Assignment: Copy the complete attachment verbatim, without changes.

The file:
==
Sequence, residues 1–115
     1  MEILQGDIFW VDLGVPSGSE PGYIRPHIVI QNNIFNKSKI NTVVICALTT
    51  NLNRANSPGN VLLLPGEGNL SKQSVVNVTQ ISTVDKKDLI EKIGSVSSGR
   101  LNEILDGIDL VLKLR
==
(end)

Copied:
Sequence, residues 1–115
     1  MEILQGDIFW VDLGVPSGSE PGYIRPHIVI QNNIFNKSKI NTVVICALTT
    51  NLNRANSPGN VLLLPGEGNL SKQSVVNVTQ ISTVDKKDLI EKIGSVSSGR
   101  LNEILDGIDL VLKLR